UK leads the way to low carbon transition

The UK and China are leading the world in transitioning to a low carbon economy, according to a new study out today (October 4).

According to PwC’s Low Carbon Economy Index (LCEI) 2018 , the UK remains at the top of the G20 leaderboard for its long-term low carbon transition since 2000, decarbonising at 3.7% per year.

The study found the UK has reduced emissions by 29% since 2000 while growing the economy by 34%.

In the electricity sector, emissions per MWh generated have been cut by 29% in the last decade, due to a combination of policies. Following publication of the Government’s ‘Ultra Low Emission Vehicles’ strategy, the number of these cars on the road has grown by 40% per year on average.

Although still at a low base compared to other countries, there are more than 140,000 low emissions vehicles on the road at the end of 2017 compared to 10,000 in 2010. Early figures for 2018 suggest the trend will continue for both electric vehicles and the shift towards renewables.

But the report adds the UK’s decarbonisation rate last year was 4.7%, a little lower than the year before.

In 2017, emissions fell by 2.9% as coal and gas demand fell while oil consumption remained constant. These fossil fuels were replaced with renewable generation and there was also a marginal reduction in energy use.

‘The UK is a global leader in driving the low carbon transition,’ said Director of Climate Change and co-author of the LCEI at PwC, Jonathan Grant.

‘Renewables, energy efficiency and dominant growth of the services sectors all contributed to the UK’s top performance compared with other G20 countries.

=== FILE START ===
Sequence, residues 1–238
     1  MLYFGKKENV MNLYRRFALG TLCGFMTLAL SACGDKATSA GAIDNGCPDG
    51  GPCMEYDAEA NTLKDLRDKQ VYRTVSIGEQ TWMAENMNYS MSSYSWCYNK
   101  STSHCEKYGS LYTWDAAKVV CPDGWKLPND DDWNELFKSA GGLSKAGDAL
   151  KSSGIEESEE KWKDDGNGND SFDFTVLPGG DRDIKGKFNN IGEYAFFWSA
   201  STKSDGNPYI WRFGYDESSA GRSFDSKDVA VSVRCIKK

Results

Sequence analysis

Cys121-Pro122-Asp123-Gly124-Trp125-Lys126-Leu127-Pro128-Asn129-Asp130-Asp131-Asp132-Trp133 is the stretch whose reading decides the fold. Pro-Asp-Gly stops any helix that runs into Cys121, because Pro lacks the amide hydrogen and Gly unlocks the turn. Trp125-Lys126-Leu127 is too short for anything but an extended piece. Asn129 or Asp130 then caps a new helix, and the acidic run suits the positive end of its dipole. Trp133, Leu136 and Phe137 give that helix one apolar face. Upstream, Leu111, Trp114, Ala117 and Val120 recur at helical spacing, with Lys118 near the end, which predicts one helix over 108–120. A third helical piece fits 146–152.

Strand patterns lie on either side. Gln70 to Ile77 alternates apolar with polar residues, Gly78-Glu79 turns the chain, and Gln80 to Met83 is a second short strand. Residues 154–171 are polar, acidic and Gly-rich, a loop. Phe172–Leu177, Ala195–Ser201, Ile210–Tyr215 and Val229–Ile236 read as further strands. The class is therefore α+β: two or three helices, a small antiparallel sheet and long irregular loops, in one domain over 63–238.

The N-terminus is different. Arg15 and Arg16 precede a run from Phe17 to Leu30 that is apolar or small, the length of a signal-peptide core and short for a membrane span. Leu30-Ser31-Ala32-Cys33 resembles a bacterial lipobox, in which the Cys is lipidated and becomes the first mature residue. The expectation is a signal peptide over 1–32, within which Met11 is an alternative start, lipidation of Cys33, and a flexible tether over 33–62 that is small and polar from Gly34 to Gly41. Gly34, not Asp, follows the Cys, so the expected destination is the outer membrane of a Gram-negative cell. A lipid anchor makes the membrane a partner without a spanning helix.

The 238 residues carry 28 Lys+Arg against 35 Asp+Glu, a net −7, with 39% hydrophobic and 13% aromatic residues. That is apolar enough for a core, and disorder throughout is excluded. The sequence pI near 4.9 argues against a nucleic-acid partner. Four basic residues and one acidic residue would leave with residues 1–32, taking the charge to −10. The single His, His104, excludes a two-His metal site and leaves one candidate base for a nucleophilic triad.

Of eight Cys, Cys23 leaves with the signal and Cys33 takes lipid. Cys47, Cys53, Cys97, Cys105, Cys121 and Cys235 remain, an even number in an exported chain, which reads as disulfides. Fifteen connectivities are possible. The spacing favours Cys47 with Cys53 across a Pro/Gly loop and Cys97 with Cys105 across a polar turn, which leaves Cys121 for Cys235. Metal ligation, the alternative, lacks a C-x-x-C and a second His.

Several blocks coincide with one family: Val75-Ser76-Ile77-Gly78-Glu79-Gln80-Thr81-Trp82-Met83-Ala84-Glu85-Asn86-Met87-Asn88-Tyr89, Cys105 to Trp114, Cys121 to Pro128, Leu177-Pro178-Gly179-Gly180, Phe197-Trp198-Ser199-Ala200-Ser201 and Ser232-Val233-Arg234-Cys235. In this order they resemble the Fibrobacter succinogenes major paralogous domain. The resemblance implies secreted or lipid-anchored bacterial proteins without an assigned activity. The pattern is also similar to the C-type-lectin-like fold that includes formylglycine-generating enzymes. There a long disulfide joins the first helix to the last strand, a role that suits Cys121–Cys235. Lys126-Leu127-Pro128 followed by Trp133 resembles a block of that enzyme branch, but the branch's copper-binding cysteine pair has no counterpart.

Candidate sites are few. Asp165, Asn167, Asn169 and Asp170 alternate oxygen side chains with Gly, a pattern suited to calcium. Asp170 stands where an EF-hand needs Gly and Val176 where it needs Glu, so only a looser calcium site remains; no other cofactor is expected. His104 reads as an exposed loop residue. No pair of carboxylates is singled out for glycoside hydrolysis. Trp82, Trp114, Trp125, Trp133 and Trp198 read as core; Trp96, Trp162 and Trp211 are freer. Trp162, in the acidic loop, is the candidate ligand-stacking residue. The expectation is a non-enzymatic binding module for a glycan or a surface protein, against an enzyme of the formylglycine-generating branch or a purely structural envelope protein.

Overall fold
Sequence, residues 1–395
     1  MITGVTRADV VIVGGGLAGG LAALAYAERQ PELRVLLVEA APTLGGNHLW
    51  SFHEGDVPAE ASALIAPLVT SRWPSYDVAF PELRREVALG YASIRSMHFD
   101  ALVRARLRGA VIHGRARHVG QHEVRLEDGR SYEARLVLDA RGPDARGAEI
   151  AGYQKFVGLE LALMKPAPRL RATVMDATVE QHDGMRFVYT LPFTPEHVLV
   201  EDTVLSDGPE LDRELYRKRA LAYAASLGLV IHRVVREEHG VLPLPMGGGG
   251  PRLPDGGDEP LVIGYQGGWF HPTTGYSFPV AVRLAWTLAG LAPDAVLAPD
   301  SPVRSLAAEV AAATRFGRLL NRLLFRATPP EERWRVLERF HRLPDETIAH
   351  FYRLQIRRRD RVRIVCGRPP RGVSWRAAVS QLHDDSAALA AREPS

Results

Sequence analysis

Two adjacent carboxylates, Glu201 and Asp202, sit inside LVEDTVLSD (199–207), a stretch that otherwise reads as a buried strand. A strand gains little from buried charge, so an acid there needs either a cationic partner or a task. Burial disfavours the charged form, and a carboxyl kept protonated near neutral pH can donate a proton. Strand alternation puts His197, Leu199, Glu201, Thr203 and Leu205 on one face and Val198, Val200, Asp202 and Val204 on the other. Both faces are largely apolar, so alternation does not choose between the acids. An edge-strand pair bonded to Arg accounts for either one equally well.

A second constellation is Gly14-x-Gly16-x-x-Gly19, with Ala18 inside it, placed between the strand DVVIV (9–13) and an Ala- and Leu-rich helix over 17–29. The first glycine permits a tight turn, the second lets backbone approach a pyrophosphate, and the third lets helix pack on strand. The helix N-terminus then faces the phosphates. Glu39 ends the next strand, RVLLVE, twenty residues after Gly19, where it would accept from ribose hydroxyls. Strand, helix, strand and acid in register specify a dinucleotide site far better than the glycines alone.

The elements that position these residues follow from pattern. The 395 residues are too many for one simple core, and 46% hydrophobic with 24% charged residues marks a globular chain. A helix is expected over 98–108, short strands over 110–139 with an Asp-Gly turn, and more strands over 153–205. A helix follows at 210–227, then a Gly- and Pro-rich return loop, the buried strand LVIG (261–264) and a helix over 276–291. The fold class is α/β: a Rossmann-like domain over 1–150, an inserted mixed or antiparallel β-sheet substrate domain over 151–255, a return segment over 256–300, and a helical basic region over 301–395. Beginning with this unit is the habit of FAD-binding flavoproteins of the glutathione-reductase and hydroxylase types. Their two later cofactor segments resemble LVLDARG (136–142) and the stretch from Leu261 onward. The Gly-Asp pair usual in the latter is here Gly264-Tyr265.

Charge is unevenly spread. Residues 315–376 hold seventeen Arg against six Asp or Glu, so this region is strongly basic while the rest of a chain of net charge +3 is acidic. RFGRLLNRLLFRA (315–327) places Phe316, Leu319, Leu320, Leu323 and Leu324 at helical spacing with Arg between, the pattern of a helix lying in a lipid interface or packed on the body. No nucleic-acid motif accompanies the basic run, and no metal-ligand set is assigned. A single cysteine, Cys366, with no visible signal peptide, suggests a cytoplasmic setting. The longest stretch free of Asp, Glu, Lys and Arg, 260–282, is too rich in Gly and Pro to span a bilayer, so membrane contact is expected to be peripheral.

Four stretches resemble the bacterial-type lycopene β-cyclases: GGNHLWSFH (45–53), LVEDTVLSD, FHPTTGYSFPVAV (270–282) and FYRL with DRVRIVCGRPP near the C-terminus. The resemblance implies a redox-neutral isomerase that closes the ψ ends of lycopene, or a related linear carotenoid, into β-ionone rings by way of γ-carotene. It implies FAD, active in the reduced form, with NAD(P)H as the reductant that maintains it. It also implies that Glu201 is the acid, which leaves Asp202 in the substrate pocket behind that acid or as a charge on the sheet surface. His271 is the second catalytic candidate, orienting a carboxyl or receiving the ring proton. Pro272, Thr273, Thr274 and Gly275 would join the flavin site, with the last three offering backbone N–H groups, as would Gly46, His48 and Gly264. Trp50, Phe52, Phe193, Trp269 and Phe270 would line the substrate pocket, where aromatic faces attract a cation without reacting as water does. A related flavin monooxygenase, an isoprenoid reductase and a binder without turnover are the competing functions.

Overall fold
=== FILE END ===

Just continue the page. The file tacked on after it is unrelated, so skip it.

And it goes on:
‘Following success in decarbonising the electricity sector, achieving the UK’s Clean Growth Strategy, which was launched last year, will now depend on faster progress in other sectors, such as transport and industry.’

Although China is the world’s largest emitter, the report found it has demonstrated the highest decarbonisation in 2017 of 5.2%.

China has reduced the carbon intensity of its economy by 41% in the past ten years putting it on track to achieve its national target (NDC).

However, despite these impressive statistics there was still a 1.4% increase in emissions in China in 2017, and its carbon intensity remains above the E7 average.

Paris Agreement

But the report warns that while many countries have cut carbon intensity of their economies over the past four years, the average 2.6% per year drop remains less than half of what is required to limit warming to two degrees. Not one country is on track this year with the decarbonisation rate needed to achieve the Paris Agreement goal. Without a dramatic step up in decarbonisation efforts, the report warns that at this rate the ‘two degrees’ carbon budget will run out in less than 20 years.

‘There seems to be almost zero chance of limiting warming to well below two degrees – the main goal of the Paris Agreement. Given the gap between talk and action on climate, the risks to business are obvious: fragmented, knee-jerk regulation and physical impacts of climate change,’ said Mr Grant.

‘There are many solutions to this problem – governments just need to get on with implementing them. Recent reform to the EU Emissions Trading System that raised the price of carbon this year is a good example of what’s needed.’

The full report is available from the .

Photo by acidpix


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